The new Chromecast also offers something called Fast Play. That’s when the Chromecast tries to guess what you’ll want to play next, and starts downloading the video in advance, so it’ll be ready if you hit the Play button.
I didn’t actually notice Fast Play kicking in; in fact, there were mysterious times when videos took a long time to start playing—maybe 12 seconds.
There are also games to play on Chromecast, like a new Angry Birds Go racing game. “The phone is now the most powerful computer you own,” says a Google product manager—so why shouldn’t it become the touchscreen game controller for your TV?
Truth is, the Chromecast isn’t quite as essential as it once was, now that Internet video apps come built into so many components you already own: your video recorder, game console, or the TV itself.
Yet you may want one anyway. It’s just much easier to search for what you want using your phone’s touchscreen, on-screen keyboard, and voice dictation features. And, I mean—$35! That’s still the world’s least expensive way to add Internet video to a TV that doesn’t already have built-in apps.
Almost as a footnote, Google also unleashed last week a second tiny, round, $35 product: Chromecast Audio.
It’s the same idea: you tap the Chromecast icon in apps like Spotify, Pandora, I Heart Radio, or Google Play Music. But instead of sending Internet video wirelessly to your TV, you’re now sending Internet audio wirelessly to any speaker in your house. The little disc plugs into the Audio Input jack of your speaker, whether it’s a miniplug, optical jack, or RCA jacks. (The miniplug cable is included.)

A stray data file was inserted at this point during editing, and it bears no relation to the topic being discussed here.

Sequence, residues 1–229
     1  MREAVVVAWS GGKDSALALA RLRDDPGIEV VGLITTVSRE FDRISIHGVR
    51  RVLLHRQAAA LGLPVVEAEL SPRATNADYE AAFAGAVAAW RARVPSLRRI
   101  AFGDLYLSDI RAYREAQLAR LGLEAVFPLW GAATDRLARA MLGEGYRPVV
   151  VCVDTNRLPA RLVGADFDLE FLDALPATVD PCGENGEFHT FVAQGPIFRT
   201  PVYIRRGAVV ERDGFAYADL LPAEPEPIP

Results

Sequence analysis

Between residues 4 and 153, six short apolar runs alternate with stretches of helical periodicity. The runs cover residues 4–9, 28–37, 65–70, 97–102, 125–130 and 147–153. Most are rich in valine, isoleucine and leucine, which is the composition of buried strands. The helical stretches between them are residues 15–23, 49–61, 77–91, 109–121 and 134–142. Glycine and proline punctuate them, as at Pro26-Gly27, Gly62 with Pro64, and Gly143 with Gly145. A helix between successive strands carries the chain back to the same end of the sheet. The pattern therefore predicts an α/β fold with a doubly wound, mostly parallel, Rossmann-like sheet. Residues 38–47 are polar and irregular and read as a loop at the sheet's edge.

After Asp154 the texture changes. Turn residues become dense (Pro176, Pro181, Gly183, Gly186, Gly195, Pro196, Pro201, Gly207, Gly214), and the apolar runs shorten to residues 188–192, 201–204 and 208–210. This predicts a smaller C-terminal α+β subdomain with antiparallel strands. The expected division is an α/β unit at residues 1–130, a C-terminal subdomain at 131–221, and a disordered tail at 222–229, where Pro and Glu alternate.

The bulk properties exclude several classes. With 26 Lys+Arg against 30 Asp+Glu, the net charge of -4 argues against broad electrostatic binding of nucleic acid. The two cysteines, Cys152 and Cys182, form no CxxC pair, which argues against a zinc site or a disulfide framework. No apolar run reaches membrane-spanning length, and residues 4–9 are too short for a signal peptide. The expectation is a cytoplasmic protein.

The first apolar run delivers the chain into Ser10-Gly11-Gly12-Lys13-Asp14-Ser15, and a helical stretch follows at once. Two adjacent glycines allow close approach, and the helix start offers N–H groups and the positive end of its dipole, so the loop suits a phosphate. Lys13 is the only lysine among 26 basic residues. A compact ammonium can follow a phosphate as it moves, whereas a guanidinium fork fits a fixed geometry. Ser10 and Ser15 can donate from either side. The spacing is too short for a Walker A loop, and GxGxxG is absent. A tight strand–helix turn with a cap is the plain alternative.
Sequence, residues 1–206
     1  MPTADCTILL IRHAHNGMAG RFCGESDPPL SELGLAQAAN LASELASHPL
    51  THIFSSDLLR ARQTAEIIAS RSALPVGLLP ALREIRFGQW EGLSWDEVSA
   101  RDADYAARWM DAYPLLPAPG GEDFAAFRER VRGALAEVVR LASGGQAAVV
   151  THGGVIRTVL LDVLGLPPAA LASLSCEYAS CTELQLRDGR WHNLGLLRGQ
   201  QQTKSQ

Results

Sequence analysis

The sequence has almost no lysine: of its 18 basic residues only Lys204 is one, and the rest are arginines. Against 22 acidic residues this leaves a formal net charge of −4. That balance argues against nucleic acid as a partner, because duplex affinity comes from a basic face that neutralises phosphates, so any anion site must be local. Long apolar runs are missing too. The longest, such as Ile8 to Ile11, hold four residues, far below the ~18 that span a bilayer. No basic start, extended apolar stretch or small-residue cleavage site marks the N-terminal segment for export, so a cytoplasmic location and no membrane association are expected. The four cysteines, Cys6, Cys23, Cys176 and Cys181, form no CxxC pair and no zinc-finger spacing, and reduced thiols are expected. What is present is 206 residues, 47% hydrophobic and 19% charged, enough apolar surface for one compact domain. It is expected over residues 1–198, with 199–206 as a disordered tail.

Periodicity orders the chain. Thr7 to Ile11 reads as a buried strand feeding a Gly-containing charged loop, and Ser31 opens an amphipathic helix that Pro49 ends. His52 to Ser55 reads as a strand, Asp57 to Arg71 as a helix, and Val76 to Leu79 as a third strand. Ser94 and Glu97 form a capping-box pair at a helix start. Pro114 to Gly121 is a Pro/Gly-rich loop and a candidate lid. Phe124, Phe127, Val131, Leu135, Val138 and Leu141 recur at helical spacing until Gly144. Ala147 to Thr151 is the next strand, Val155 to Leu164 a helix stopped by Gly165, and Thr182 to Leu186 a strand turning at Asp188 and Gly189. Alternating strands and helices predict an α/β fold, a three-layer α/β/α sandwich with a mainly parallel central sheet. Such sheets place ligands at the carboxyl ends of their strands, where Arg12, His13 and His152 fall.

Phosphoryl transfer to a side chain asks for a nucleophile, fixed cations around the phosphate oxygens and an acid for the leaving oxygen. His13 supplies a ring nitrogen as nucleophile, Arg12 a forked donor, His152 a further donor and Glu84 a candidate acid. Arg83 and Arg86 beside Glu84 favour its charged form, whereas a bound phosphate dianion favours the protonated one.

Now, the universe is teeming with Bluetooth speakers that play what your phone is playing. But Chromecast Audio is different—really different.
This time, your phone is not transmitting audio; the audio comes directly from the Internet to your speaker. Therefore, the music is much higher quality (it hasn’t been subjected to the usual Bluetooth compression). Once again, the phone is just the remote control. That means your phone isn’t using data or battery power.
(Which also means that you can use the phone as a phone while the music plays. A Google product manager told me that his little girl was dancing to the music—he wanted to film her with the phone. If he’d been transmitting to a Bluetooth speaker, the music would have stopped the minute he tried to record video.)
But here’s the other world-changer: This system works over WiFi (maximum range: your whole house), not Bluetooth (maximum range: 30 feet). That’s an amazingly liberating change. You feel like you’ve paid $3,000 for someone to install a whole-house audio system.
Speaking of which: If you buy more than one Chromecast Audio, you can set things up so that all speakers play the same thing simultaneously, cleverly time-synced: the iHome in bedroom, the Bose in the kitchen, the Sony in the den.
What you can’t do is create more than one such zone, or to play different things on different speakers. (That Sonos-like feature is coming in 2016, Google says.)
Chromecast Audio turns anything into a useful wireless speaker. Suddenly, you can give new wireless life to that old charging/speaker dock with a now-obsolete, 30-pin iPhone connector. Or you can turn a bedside alarm clock, born without any wireless features, into a wireless speaker you control from your phone. This holiday season, there will be a lot of old, once beloved speakers being dug out from closets.
Google: the Idea Company
The first Chromecast was a remarkable invention from Google—not a copycat product, but a truly new idea. The 2.0 version is better, and still an astonishing value, but it’s just a refinement of that original concept.
The Chromecast Audio, though, is Google striking again with an idea nobody’s had before. It serves a real purpose and wrings new value from speaker investments you’ve already made.
These products aren’t just inexpensive and effective; they’re also original. Fact: Google is finally finding its stride as a hardware company.
David Pogue is the founder of Yahoo Tech. On the Web, he’s davidpogue.com. On Twitter, he’s @pogue. On email, he’s firstname.lastname@example.org. He welcomes non-toxic comments in the Comments below.